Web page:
In sticking rigidly to the position that a minority of leaseholders will have to pay sums that, although capped, are still significant, in order to resolve a scandal that they played no part in causing, we believe that the Government are not acting equitably and will not ensure that the most vulnerable leaseholders will be protected. Our Motion H1 would provide such protection. If the Minister is unable to accept it, we will seek to divide the House, with a view to ensuring that all leaseholders are fully protected.

My Lords, I apologise to the House for missing the first two minutes of my noble friend’s magnum opus; the last business went slightly faster than I had anticipated. I declare a personal interest as a leaseholder in a block of flats that may contain some non-cladding works that may require remedial treatment.

I have to praise my noble friend the Minister yet again for the tremendous changes that have been made to the Bill since it came from the other place. I also congratulate my right honourable friend Michael Gove on forcing all the big building companies to sign up, including bringing the Galliard Homes horse kicking and neighing to the water, although he will need to ensure that it and the other companies actually drink the water—they will throw millions at lawyers to weasel out of what they have signed up to.

I am told that the owner of Galliard Homes, Stephen Conway, has accused Michael Gove of acting like Al Capone and the mafia. My respect for young Gove increases by the minute. Conway had an estimated worth of £270 million in 2015; imagine what he is worth now. It seems to me that the owners of the big building companies have made their billions by being a bit more ruthless mafiosi than Michael Gove ever was. However, that is for another day.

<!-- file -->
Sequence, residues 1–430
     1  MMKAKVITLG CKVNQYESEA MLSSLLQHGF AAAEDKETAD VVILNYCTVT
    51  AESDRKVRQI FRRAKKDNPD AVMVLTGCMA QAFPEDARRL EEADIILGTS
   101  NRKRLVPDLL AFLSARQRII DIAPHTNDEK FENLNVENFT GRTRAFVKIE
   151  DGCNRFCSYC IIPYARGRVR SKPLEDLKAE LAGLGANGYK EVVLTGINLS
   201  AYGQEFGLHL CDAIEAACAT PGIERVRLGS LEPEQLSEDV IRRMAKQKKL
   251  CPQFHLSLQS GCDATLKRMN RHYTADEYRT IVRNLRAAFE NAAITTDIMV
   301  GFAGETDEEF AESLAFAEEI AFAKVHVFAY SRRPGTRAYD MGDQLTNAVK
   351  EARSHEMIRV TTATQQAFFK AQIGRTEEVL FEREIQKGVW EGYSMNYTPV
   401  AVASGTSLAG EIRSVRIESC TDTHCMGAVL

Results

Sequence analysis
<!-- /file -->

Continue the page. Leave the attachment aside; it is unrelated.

Despite the excellent progress on the Bill, there are still some gaps. I regret that we do not have anything specific in the Bill protecting enfranchised leaseholders. All Governments have encouraged leaseholders to buy out the freehold. Those who have done so are still exactly the same as other leaseholders who have not, and they should get the same protection. I welcome the consultation but I hope it is speedy, and I hope that, if legislation is necessary or this can be done by regulation, that is brought in as quickly as possible.

I acknowledge that the Government have increased the number of properties qualified under buy to let, but in my opinion they have not gone far enough. As a small buy-to-let owner said to me, why does the Bill support with cost-capping a billionaire oligarch non-dom with two buy-to-let leasehold flats in Mayfair, valued at millions, yet leave completely exposed a pensioner buy-to-let leaseholder with a small portfolio of just four flats? These people are not big landlords. Although nothing can be done in this Bill now, I hope something can be done in future.

Nor am I happy that we are planning to reject buildings under 11 metres. They may not be as big a risk but they are unsellable. When an estate agent or lawyer tells prospective buyers that the flat they have looked at has some dangerous cladding—but not to worry because you will probably get out in time if it burns down—I do not think that they will find many buyers. These flats are simply unsellable.